Roosevelt 3 firehouse bids awarded; April start planned

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In 1954, the Roosevelt Fire District was born, and three separate fire stations soon opened for business. That same year, Steve Allen wrote the theme song for his “Tonight Show,” which was recorded by many top performers over the years, including Bobby Darin, Ella Fitzgerald, and Steve Lawrence and Eydie Gorme.

The name of Allen’s song was “This Could Be The Start of Something Big.”

That title could very well be a theme song for the Roosevelt Fire District as construction bids for its new #3 fire house were awarded March 11 at a special meeting of the Board of Fire Commissioners.

Construction is expected to get started by April once all permits and bonds are in place, according to architect Dennis Ross. The current fire station on Bill Reynolds Boulevard, was expanded in 1969, but lies in a flood plain and doesn’t have enough space for current equipment. Eventually, this led to the purchase of land directly on Route 9G, at 830 Violet Ave., where the new facility is to be constructed.

When initial bids for construction were opened last August, they turned out to be above the district’s $4.5 million budget, which had been approved by area residents. So Ross and the Fire District Board returned to the drawing board to downsize the plans and find ways to reduce the overall costs.

Ross said they were successful in cutting square footage, parking areas, and mechanical costs, bringing the total bids for construction down from $4,182,908 to $3,451,300, a savings of $731,608. These estimates do not include costs for engineering, permits and fees.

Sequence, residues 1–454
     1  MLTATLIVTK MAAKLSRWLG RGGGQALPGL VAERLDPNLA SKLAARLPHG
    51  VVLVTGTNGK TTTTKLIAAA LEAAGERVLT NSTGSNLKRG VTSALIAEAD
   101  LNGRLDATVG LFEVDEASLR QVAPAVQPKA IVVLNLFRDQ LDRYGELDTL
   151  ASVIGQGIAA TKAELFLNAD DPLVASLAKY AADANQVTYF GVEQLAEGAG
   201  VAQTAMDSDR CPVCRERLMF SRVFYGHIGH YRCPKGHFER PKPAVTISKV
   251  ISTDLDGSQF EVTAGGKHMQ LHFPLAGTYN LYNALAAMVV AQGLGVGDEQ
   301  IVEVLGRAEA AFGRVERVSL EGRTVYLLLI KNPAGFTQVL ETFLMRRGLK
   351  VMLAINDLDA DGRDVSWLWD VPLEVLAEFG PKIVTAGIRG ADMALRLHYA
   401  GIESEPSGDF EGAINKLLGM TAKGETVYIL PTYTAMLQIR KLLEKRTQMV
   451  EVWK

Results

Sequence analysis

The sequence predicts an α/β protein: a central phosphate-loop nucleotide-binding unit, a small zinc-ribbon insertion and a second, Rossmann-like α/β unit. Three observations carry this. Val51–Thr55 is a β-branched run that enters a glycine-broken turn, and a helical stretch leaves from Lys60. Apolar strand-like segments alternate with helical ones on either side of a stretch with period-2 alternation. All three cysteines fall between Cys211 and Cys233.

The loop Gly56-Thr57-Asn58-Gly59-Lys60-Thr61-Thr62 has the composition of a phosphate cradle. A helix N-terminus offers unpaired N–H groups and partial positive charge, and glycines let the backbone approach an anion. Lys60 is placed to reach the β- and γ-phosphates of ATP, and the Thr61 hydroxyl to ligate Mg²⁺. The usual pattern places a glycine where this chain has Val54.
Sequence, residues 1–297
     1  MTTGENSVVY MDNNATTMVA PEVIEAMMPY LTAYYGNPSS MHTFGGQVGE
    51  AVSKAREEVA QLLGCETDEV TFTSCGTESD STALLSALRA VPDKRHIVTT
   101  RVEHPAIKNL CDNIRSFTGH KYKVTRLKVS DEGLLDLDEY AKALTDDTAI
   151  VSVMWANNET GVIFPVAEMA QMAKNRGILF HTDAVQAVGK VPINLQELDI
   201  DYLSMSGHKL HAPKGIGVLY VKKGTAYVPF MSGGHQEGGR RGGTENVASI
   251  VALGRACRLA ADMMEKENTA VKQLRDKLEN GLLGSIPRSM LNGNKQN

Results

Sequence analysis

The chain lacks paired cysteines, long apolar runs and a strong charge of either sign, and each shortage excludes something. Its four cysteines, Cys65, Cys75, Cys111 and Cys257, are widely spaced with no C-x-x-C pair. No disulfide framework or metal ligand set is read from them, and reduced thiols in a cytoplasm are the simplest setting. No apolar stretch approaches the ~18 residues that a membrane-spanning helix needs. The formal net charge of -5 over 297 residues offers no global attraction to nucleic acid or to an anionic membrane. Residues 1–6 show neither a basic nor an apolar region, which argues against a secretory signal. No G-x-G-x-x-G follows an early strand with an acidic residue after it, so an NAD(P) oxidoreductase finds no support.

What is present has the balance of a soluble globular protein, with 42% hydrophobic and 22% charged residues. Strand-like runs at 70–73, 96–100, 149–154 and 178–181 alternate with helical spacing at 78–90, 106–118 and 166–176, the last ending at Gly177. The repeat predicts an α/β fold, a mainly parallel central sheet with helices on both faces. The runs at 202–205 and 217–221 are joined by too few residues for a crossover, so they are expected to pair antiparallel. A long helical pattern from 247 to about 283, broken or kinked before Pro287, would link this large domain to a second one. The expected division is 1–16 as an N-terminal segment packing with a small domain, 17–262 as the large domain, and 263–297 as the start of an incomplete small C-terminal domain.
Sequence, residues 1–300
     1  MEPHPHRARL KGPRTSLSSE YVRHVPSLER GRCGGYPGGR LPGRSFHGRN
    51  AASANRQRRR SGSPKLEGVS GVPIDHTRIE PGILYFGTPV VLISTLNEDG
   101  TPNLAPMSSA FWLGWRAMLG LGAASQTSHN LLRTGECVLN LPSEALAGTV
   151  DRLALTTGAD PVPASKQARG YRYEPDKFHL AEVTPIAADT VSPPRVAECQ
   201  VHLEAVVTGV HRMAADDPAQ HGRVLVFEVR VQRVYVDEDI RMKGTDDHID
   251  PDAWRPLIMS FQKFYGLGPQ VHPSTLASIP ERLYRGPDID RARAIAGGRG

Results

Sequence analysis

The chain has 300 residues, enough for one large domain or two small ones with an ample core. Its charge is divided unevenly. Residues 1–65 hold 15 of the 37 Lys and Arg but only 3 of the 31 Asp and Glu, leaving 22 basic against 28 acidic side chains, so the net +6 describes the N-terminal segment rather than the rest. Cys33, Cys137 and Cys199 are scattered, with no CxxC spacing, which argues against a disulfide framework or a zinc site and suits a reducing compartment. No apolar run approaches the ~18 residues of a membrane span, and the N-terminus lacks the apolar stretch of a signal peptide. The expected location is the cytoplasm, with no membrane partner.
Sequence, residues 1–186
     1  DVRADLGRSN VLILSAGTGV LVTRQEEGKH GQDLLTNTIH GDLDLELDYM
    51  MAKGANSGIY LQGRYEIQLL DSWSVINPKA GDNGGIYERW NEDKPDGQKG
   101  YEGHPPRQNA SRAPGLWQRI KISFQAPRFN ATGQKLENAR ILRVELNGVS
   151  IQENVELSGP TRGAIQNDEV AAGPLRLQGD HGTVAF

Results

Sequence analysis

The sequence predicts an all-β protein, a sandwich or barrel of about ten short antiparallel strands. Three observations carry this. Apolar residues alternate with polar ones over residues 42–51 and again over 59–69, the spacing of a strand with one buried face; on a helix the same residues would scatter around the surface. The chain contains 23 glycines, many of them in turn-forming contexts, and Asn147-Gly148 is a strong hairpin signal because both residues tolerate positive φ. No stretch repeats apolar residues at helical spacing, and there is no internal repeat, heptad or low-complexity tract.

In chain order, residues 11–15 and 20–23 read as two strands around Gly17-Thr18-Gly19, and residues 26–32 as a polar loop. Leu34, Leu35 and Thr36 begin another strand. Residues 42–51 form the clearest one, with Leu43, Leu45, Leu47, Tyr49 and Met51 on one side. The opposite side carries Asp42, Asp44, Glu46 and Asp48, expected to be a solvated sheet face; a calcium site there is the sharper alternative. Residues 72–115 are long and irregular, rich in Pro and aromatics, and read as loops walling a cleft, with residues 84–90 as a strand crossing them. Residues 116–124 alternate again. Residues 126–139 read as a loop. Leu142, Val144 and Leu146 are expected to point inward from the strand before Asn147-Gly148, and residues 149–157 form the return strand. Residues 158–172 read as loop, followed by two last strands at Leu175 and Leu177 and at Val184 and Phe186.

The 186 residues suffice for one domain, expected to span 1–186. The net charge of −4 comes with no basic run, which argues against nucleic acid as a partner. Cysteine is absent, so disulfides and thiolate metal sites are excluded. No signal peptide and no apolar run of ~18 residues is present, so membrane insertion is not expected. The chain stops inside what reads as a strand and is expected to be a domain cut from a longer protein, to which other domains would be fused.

But the Board of Directors is confident that these costs, with the new bids, will not carry them over their required limit. “We expect some of these costs to be substantial,” Fire Chief Dan Nichols told the Observer after the bid opening. “But we should be all right as we move ahead.”

Five bids were awarded at the March 11 meeting and were approved by a unanimous vote of the five fire commissioners: Chairman Louis Gallo, Tom Germano, Ed Desmond, Yancy MacArthur, and Bill Olivett.

“I am so glad we are getting started. It is a much needed facility and time for us to move ahead,” Gallo said. His comment was echoed by Nichols, who added, “This is a great day for our firefighters!”

The successful low bidders were:

1. General Construction—Key Construction of Poughkeepsie 2,640,000

2. Plumbing–Dutchess Plumbing and Heating of Rhinebeck 171,600

3. Mechanicals–C.B. Strain of Poughkeepsie 282,200

4. Electrical–Veith Electric of Hyde Park 300,000

5. Sprinkler Systems–SRI Fire Sprinklers of Highland 57,500

Prior to the Board of Directors’ vote of approval, Hyde Park Building Inspector, Don Westermeyer, reviewed nine items of importance to the building process from the town’s point of view. “I just want to clarify things for everyone,” he said, listing the requirements for posting bonds for highway and insurance, stamping work permits, water permits from Dutchess Water and Wastewater, Board of Health, and soil testing.

He was assured by the Board of Directors and the district’s architect, Ross, that all permit and bonding requirements would be compiled and submitted by March 24, allowing construction details to commence by April.

Following the vote to accept the low bids, the positive air in the Cream Street Firehouse #2 conference room certainly made it feel like “something big” was about to happen.

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